These painkillers are prescribed to new mamas for anything from perineal tears to C-section incisions. The potential for developing a habit is huge and spikes every day you use them. Abuse, addiction, and even death are all part of the opioid epidemic that is spreading worldwide. According to the National Institute on Drug Abuse (NIDA), more than 130 people die in the United States every day from an overdose of opioids. These issues don’t seem like they belong in the same place as a beautiful new family with their whole lives in front of them. Unfortunately, that’s where they are found all too often.
Between 2008 and 2016 Jama Network Open studied 300,000 women that were prescribed opioids after childbirth. Of those 300,000 new moms, 6,000 of them showed “persistent” opioid use by refilling their prescriptions beyond the average time a woman recovers from most postpartum pains. (what is the time period?)
Misuse and addiction aside, opioids can cause a person to feel drowsy, delirious, dizzy and nauseous… all of these things are distracting and can take away from the ability to care for a baby.
(I would also add a section on how the opioids impact the baby)
New mothers that are prescribed opioids may have never been exposed to their dangers. It’s easy to accept whatever a medical professional tells you to do. (maybe say something like they have the best intentions to manage your pain and may not be aware of safer alternatives. Also. the drug companies have been telling doctors and patients for decades that opioids are safe and non-addictive, so really the fault lies with them and not your well meaning provider) This can make things like heavy pain medication seem absolutely normal and enjoyable.
Postpartum women are especially vulnerable to misusing their pain meds. The prevalence of postpartum depression and even the “baby blues” increases the chances of substance abuse. Turning to drugs to lessen feelings of sadness or loneliness is extremely common. Developing an addiction and not dealing with mental health issues in a proper way can set a person up for a lifetime of problems. (Talk about how this crosses educational, racial and socioeconomic lines)
Substance abuse can also come on by accident. A new mom is already tired and it sometimes can feel like the days blend together those first weeks postpartum. How easy would it be to forget how much you took or when you took it? (good point!)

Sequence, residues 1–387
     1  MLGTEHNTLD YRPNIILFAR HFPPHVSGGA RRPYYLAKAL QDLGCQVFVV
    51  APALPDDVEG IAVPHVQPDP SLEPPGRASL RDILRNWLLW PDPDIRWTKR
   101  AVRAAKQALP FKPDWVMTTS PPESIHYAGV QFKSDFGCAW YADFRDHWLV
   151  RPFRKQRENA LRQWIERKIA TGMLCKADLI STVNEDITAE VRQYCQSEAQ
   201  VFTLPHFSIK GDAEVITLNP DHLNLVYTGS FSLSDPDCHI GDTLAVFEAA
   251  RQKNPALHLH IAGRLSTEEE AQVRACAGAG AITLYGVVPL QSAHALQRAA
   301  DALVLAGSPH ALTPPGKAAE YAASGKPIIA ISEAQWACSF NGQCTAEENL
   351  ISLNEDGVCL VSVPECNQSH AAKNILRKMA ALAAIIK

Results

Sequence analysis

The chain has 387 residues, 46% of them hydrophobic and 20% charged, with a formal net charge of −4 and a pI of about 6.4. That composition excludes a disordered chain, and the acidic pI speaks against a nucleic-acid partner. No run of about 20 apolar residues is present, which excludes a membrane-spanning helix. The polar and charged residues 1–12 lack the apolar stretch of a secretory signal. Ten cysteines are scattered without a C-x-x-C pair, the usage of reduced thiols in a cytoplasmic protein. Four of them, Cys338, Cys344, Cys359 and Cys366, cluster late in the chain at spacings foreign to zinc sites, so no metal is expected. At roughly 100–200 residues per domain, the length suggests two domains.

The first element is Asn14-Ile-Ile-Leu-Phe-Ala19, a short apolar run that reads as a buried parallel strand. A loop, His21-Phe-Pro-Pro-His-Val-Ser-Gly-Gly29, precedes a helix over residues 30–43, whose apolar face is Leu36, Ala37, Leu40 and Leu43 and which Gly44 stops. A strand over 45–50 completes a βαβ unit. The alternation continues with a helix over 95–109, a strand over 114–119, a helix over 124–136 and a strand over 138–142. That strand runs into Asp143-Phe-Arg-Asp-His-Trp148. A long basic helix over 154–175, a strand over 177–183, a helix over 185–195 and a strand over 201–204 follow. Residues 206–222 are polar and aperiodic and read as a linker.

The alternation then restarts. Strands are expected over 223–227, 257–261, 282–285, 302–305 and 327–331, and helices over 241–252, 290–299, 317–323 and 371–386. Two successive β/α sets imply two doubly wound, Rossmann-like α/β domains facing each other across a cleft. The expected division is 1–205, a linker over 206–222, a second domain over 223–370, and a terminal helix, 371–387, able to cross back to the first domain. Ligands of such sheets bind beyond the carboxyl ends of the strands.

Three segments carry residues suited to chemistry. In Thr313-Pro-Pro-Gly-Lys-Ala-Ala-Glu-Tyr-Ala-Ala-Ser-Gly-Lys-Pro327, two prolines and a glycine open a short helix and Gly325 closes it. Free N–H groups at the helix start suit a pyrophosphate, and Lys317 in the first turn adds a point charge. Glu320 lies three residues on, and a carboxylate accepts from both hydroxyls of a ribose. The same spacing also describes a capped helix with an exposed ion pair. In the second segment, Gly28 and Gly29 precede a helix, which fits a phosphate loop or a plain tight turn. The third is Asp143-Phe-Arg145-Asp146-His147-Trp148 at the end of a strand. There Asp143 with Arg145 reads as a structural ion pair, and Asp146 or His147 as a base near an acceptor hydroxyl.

Knowing that you will be dealing with pain postpartum can be scary. Setting up a plan to manage that pain is necessary and will set your mind at ease. Talking with your doctor about options and their risks and benefits is always a good idea. We want every mama to be as comfortable as possible after birth and that comfort doesn’t necessarily have to come from a prescription bottle. The world of sports technology has long been using pain relief approaches that do not require medication to treat athletes. Compression, support, icing, and heating are beloved methods used by professionals… so we applied this to postpartum care! Every mama’s journey is different so we encourage you to listen to your body and talk to your doctor if anything is not working for you.
Our dream is to make every new mama happy, healthy and feeling her best – our dream is to raise the standard of postpartum care.
(Be more informative about soft tissue swelling management and how important support/compression and ice are to managing tissue trauma. I would also talk about how everyone thinks about supporting the stomach but they often forget about the most important part…the pelvic floor. Every new mama has some level of pelvic floor dysfunction, even if she had a c-section. Like how common incontinence is here in women childbearing age and older. Maybe make a comment about how young the models are in the Depends ads today. They are trying to “Normalize” it and we are trying to prevent it.